skeleton in Patagonia, Argentina, belonging to a long-necked, plant-eating sauropod that once tipped the scale at up to 60 tons—the weight of a dozen elephants. The team hit the dinosaur jackpot, as it’s arguably the most complete skeleton ever found of a super-massive dinosaur.
Sixteen tons of the beast’s bones, still encased in their protective plaster “jackets,” were shipped to Drexel University in May, and many of the unopened “jackets” (dozens shown above while still stored at a ranch in Patagonia) will make their way to Pittsburgh to be prepared and conserved—in view of the public—by museum fossil preparators Norm Wuerthele, Allen Shaw, and Dan Pickering. Lamanna will then collaborate with Drexel University paleontologist Ken Lacovara to study the ginormous creature. The fossils will eventually return home to Argentina for display.
Champions of science
The City of Champions recently recognized a few more of its own when Carnegie Science Center honored the winners of this year’s Carnegie Science Awards, sponsored by Eaton Corporation. The formal celebration, held at Carnegie Music Hall on May 8, adopted a timely “Shades of Green” theme in honor of its guest speaker, award-winning actor and environmentalist Ed Begley, Jr.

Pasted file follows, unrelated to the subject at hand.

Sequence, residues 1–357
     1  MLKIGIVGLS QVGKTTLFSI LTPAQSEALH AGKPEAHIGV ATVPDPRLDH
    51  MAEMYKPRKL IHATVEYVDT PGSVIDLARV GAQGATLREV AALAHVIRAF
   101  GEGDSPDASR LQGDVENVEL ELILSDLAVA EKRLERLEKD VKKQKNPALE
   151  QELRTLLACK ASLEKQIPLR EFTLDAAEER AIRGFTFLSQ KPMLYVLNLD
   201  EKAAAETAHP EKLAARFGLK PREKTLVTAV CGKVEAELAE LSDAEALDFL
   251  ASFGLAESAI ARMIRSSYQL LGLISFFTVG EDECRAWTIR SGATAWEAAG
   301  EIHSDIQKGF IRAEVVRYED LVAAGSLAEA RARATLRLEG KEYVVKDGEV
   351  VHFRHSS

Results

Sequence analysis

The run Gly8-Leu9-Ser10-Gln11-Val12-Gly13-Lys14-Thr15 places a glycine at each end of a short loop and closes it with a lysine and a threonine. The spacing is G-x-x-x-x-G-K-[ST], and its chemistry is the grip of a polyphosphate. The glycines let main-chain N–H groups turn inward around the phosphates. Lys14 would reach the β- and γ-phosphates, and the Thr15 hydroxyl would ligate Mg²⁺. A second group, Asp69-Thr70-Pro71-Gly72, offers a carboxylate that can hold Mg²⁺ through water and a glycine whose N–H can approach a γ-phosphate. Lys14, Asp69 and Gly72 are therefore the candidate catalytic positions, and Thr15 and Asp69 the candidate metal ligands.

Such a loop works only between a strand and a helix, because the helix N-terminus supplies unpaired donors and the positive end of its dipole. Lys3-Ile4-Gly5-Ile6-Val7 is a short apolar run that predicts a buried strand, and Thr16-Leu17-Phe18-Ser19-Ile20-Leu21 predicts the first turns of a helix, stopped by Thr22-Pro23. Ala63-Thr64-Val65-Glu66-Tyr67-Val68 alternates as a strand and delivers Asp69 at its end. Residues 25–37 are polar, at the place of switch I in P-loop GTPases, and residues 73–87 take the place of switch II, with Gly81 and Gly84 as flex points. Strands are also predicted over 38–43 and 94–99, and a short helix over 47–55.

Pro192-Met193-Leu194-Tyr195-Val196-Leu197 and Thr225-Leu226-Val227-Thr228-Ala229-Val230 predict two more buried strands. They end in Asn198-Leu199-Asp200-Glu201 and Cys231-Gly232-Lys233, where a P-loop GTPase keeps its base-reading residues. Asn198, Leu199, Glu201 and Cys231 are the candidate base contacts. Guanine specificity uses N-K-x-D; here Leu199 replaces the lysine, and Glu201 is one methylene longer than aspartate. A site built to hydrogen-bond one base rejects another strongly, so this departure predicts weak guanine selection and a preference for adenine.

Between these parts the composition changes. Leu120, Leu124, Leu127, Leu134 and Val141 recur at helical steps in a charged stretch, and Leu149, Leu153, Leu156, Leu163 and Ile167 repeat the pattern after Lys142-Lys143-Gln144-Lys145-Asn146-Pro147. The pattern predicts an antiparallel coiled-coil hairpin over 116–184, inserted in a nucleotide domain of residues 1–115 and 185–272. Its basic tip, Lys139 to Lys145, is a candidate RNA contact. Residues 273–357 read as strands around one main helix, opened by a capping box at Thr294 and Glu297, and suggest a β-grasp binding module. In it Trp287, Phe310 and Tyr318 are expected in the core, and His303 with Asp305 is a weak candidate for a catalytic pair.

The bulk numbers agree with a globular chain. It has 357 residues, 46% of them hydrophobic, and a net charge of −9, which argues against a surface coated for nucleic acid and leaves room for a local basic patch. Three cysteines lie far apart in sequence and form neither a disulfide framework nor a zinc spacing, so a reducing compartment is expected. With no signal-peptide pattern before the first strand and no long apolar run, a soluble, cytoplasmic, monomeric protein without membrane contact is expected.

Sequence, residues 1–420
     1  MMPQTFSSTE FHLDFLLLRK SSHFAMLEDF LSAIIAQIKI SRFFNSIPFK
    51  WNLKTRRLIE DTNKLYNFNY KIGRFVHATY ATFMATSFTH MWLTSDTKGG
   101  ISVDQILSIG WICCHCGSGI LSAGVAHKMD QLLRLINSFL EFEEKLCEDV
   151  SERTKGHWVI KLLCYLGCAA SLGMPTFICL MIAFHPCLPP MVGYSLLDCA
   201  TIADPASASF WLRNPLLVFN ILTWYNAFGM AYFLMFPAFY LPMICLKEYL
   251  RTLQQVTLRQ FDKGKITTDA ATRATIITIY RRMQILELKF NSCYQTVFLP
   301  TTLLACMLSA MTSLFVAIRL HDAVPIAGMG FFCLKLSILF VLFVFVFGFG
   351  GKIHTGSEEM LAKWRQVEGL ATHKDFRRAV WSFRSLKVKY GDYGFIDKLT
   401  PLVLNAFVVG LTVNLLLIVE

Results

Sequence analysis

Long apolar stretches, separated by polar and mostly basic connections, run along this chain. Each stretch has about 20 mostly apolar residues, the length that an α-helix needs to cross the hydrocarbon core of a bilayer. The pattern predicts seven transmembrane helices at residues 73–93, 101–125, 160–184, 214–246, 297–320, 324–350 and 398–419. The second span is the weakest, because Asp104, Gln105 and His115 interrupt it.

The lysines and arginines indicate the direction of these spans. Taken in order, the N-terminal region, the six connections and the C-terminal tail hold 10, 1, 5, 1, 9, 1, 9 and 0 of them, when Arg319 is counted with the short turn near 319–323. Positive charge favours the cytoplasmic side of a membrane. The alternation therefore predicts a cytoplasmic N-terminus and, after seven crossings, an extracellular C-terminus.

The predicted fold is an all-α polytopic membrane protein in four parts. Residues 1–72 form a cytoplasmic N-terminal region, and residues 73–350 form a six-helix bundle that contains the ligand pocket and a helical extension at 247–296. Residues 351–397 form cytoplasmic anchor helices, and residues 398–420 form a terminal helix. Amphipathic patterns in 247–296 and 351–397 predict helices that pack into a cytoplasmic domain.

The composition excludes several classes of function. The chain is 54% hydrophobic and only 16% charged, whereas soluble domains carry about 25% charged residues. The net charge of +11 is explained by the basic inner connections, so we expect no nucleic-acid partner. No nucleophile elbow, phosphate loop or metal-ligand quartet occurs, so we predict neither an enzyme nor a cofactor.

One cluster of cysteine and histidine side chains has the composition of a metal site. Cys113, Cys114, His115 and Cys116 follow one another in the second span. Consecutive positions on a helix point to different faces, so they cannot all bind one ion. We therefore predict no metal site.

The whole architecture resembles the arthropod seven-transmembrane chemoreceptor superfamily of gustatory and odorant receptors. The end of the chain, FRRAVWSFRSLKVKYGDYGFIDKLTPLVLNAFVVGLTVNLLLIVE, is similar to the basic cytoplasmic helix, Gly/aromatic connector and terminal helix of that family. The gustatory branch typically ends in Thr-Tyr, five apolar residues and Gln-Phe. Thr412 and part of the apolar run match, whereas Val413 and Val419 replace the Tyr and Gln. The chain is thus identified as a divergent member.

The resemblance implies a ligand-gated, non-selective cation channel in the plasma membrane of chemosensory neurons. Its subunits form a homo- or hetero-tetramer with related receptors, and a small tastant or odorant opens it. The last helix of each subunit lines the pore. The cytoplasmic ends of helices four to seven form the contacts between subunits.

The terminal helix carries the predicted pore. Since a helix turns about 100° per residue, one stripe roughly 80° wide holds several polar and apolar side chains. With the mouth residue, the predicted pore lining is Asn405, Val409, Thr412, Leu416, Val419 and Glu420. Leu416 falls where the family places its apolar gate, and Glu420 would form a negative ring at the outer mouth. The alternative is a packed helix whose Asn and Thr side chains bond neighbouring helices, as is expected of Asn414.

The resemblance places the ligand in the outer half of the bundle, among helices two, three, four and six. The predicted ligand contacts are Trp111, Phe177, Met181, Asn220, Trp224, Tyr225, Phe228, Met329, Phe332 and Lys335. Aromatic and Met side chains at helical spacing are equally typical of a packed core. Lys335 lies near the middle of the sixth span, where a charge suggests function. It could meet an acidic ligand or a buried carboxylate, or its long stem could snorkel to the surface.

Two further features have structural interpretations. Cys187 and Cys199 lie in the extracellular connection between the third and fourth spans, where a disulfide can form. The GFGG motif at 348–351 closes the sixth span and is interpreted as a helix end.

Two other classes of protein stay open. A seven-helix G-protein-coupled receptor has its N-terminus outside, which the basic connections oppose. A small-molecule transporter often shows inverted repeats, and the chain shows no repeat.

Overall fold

This year’s Chairman’s Award winner was a familiar name to Pittsburghers everywhere—Westinghouse Electric Company, a legendary western Pennsylvania institution still making big waves as a leader and innovator in nuclear power technologies. Following are the other winners. Advanced Manufacturing: Karen Craig, Dirk Kammermier, Ph.D., Kennametal. Advanced Materials: Robert Hunt, Brian Long, Rick Starcher, Bayer MaterialScience LLC. Catalyst: Lenore Blum, Ph.D., Computer Science Department, Carnegie Mellon University. Corporate Innovation: Idea Foundry. Start-up Entrepreneur: David Palmer, ClearCount Medical Solutions. Entrepreneur: D. Raja, Computer Enterprises, Inc. Environmental: Rebecca Flora, AICP, LEED AP, U.S. Green Building Council. Information Technology: Peter Feiler, Ph.D., Software Engineering Institute, Carnegie Mellon University. Journalism: Joe Miksch, Pitt Med magazine. Life Sciences: Yuan Chang, M.D., Patrick Moore, M.D., MPH, University of Pittsburgh Cancer Institute. Emerging Female Scientist: Priya Narasimhan, Ph.D., Carnegie Mellon University. Elementary Educator: Cyndy Carroll, Canon-McMillan School District. Middle Level Educator: Maribeth Varganin, Quaker Valley School District. High School Educator: William Diehl, Anita Schuchardt, Ph.D., Shady Side Academy. School District: Derry Area School District. University/Post-Secondary Educator: John F. Mahoney, M.D., University of Pittsburgh School of Medicine. University/Post-Secondary Student: Donna J. Haworth, University of Pittsburgh.